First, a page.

The second project — the new project, the god project — was one from five years ago that was originally meant to be a collaboration with the excellent Keeley Geary (now my most excellent wife). Although she’s graciously relinquished the story and characters into my hands, I expect she’ll still be involved in the plotting and development process — if for no other reason than I’ll keep asking her annoying questions and trying out ideas on her.

LaDawn Driscoll (a new Twitter friend) recently twittered the quote from Anais Nin above, which serves as a perfect compliment to this one from Homer’s The Odyssey: “For the gods are never strangers when they meet…”

Taken together, Homer and Nin do a pretty good job of summing up where Keeley and I started with this new story, way back when.

I’m not in a position to say much more about the new project just yet, but suffice it to say that I’ve got a lot of writing ahead of me.

And I’m looking forward to it.

But for the Grace

Well.

This is what it’s like: A big convention hall filled with booths, books and people everywhere. Thousands of them. It’s overwhelming sometimes and, eventually, all that I have left are little slices of memory and anecdote…

…stormtroopers in full regalia, posing for pictures with anyone who asked…

…the gorgeously plastic stepford drone handing out free books by L. Ron Hubbard, tempted to ask if he’s still writing…

…a familiar face from the night before, enviously listening as he tells me about the cheeseburger he picked up after all the parties; I’ve not eaten anything of real substance in 24 hours…

…stacks and stacks of free books, people dragging totes and crates on wheels full of them, weighed down with swag like something out of, well, Dante…

…the self-publishing ghetto — a sullen, heartbreaking ghost town; there but for the grace of God…

…the first-time author in the overstuffed chair at the Wizards of the Coast booth, probably half my age, giving me some much needed encouragement, good humor, and advice…

…Alec Baldwin, getting his coffee situated before signing a woman’s book…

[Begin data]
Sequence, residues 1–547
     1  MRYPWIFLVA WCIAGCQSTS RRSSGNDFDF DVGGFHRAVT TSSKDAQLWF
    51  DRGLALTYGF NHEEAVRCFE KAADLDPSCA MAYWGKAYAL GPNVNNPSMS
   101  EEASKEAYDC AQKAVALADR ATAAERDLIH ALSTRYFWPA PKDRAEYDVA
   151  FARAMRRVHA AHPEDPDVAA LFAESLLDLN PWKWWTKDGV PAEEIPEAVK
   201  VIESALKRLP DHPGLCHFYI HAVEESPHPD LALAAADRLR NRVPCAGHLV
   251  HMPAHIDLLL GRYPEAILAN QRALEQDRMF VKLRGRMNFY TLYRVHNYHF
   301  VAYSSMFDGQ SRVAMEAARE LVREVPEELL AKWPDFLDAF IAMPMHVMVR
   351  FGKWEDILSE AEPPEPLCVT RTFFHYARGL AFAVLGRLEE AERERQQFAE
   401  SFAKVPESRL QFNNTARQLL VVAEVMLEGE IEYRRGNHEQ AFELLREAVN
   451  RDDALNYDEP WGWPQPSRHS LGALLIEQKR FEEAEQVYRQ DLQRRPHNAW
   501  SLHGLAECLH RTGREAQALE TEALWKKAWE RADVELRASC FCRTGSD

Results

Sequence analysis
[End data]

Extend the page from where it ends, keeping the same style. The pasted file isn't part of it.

…realizing that my left hand has been shaking for over three hours…

…weighed down with books thrust upon me, so glad when one or two of them look promising as something I might actually enjoy reading…

…reminding myself that I’m not here to browse, not here to stand in line with the fanboys — I’ve got more important things to do with my time…

…facing a room full of what should be agents but finding only empty tables, abandoned at the end of a long week…

…doing my best to not remind the exceptionally snotty and rude women from a UK publisher that we kicked their ass at Georgetown, once upon a time…

…calling my wife, listening to her answering machine message because her voice is all I have, all I need to make it over this…

…some very kind and friendly ladies from Chicago who keep handing me the various horror and fantasy titles they publish…

…a line of people wrapped around the center, Leonard Nimoy at a little table at the front…

…the semi-famous comedian and his wife and child, navigating the crowd and trying to ignore the people following them; again, there but for the grace…

…one last friendly, familiar face from the night before — a quick chat outside on the sidewalk, a welcome little flash of grace before the end of a long day.

There was more, but that’s the day in review.

My highest expectations were not met and I barely avoided my worst (all the way through Georgetown, ladies).

I made some good connections, I got some good leads, a few business cards.

I might have even made a friend.

Altogether, that’s more than I had when I started.

Once I get back, the real work begins.

But first . . . I need to eat something.

blak citins sleyp

It isn’t too far into the evening that I realize why Neil Gaiman always writes about food and sleep on his blog. Apparently there’s neither in the publishing world.

An open bar, however, makes up for a lot.

Despite the lack of anything remotely resembling food, I spent a perfectly nice Friday evening talking with people who have written lots of books and movies, or who help get them published and/or produced. Everyone was very kind to me and I met some very nice people.

While I might not want to do that sort of thing every Friday night, I’d be perfectly happy to talk about comic books with Chris Miller for a few more hours.

Here at the house, there’s a child’s drawing hanging over the stove which shows a scene from each point in the kittens’ day: “Citins Eet” and “Citins Pley” and “Citins Sleyp”.

No eet for me but I need sleyp. Tomorrow is the Expo.

I have no idea what to expect — so I have the highest and lowest of expectations.

I expect that’s all I can expect.

Sleyp now.

Five Black Kittens

I’ve made it to L.A., heading to a few parties tonight populated with the West Coast literati. So I’m a bit out of my element.

But I did get to lend a hand feeding five stray kittens that my hosts found a few days ago. The kittens are very tiny and had difficulty accepting the idea of an eyedropper as a nutritional source. However, enough got in them to serve as dinner. And now they’re all camped out in the bathtub, happily grooming themselves and squeaking every so often.

About to head out to the Black Clock party — which sounds very cool and Poe-esque to my ears, but I doubt it will go so far as to have people wearing red masks — and will spend an evening meeting famous people I’ve never heard of.

I should have studied, I think.